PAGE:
What makes cyclists angry? The relationships between trait anger, interest in cycling and self-reported comfort levels

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Abstract

Over the past two decades, there has been a substantial amount of research showing the detrimental influence of trait driver anger on road safety. However, very few studies have investigated this phenomenon in more vulnerable road user groups, such as cyclists. This study administered the Cycling Anger Scale (CAS) to a sample of 636 active cyclists (who regularly ride on-road) to understand the situations that provoke anger in cyclists, and whether this anger differed according to their comfort levels with cycling. A Confirmatory Factor Analysis on the CAS showed that a four-factor solution fit the data. These were: (1) interactions with cars, (2) interactions with pedestrians, (3) interactions with other cyclists, and (4) police presence. The least anger provoking situations involved interactions with police. In contrast, the most anger provoking situations involved interactions with cars. This is likely to be due to the higher level of danger associated with collisions with motor vehicles for cyclists. Anger also differed according to levels of cycling confidence. Cyclists with higher levels of confidence generally reported lower levels of anger, particularly when interacting with cars and other cyclists. This study represents one of the few to use the CAS to measure cyclist anger and the findings align with previous applications of the CAS. Further research is warranted amongst a more diverse sample of cyclists to strengthen our understanding of cyclists’ behaviours.

Original languageEnglish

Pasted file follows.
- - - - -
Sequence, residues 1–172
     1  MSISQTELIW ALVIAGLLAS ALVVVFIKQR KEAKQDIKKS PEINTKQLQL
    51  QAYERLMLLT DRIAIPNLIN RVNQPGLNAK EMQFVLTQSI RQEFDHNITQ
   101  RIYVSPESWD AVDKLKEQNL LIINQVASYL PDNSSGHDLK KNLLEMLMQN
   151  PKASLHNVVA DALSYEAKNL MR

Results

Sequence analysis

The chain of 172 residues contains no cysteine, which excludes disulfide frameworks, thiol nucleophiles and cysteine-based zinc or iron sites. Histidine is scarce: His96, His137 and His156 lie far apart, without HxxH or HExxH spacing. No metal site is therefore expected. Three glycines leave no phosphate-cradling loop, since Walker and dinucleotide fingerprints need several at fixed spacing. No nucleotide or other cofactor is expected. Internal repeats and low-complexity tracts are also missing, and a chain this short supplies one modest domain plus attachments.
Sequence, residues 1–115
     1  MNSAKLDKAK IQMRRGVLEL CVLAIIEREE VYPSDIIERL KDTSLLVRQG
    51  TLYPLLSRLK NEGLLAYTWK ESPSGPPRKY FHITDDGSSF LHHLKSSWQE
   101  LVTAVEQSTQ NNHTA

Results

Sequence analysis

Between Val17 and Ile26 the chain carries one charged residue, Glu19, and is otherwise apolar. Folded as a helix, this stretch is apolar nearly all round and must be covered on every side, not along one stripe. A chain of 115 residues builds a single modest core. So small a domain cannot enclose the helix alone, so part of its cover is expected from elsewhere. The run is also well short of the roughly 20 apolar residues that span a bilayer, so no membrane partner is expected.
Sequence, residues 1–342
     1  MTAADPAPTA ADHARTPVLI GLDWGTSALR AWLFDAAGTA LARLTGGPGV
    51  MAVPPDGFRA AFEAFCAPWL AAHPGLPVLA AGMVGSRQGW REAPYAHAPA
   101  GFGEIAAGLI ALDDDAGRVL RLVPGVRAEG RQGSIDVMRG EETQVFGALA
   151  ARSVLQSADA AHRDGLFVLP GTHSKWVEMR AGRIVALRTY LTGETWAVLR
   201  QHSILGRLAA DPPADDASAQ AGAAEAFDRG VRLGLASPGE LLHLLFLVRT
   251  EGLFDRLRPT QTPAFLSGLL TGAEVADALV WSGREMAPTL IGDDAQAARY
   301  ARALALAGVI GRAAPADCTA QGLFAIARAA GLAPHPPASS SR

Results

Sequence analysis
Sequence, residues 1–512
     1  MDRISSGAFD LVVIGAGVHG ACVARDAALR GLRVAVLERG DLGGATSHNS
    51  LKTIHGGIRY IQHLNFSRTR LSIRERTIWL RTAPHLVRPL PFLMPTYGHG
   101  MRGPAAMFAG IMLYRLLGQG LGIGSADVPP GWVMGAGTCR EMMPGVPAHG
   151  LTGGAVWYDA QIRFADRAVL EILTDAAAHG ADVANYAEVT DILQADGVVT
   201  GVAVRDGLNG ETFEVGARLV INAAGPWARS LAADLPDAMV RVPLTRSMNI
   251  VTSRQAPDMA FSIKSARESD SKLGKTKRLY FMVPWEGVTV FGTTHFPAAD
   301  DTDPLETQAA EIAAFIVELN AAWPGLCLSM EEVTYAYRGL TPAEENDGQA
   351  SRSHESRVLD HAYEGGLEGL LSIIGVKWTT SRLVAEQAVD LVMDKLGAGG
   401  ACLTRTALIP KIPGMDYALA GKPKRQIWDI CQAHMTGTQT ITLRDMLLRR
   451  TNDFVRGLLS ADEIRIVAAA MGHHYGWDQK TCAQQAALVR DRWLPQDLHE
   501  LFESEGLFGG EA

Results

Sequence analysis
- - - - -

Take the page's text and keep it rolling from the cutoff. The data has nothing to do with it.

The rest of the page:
Pages (from-to)672-680
Number of pages9
JournalTransportation Research Part F: Traffic Psychology and Behaviour
Volume62
DOIs
Publication statusPublished - 1 Apr 2019

Keywords

  • Anger
  • Cycling
  • Cycling comfort
  • Road safety

Cite this

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abstract = "Over the past two decades, there has been a substantial amount of research showing the detrimental influence of trait driver anger on road safety. However, very few studies have investigated this phenomenon in more vulnerable road user groups, such as cyclists. This study administered the Cycling Anger Scale (CAS) to a sample of 636 active cyclists (who regularly ride on-road) to understand the situations that provoke anger in cyclists, and whether this anger differed according to their comfort levels with cycling. A Confirmatory Factor Analysis on the CAS showed that a four-factor solution fit the data. These were: (1) interactions with cars, (2) interactions with pedestrians, (3) interactions with other cyclists, and (4) police presence. The least anger provoking situations involved interactions with police. In contrast, the most anger provoking situations involved interactions with cars. This is likely to be due to the higher level of danger associated with collisions with motor vehicles for cyclists. Anger also differed according to levels of cycling confidence. Cyclists with higher levels of confidence generally reported lower levels of anger, particularly when interacting with cars and other cyclists. This study represents one of the few to use the CAS to measure cyclist anger and the findings align with previous applications of the CAS. Further research is warranted amongst a more diverse sample of cyclists to strengthen our understanding of cyclists’ behaviours.",
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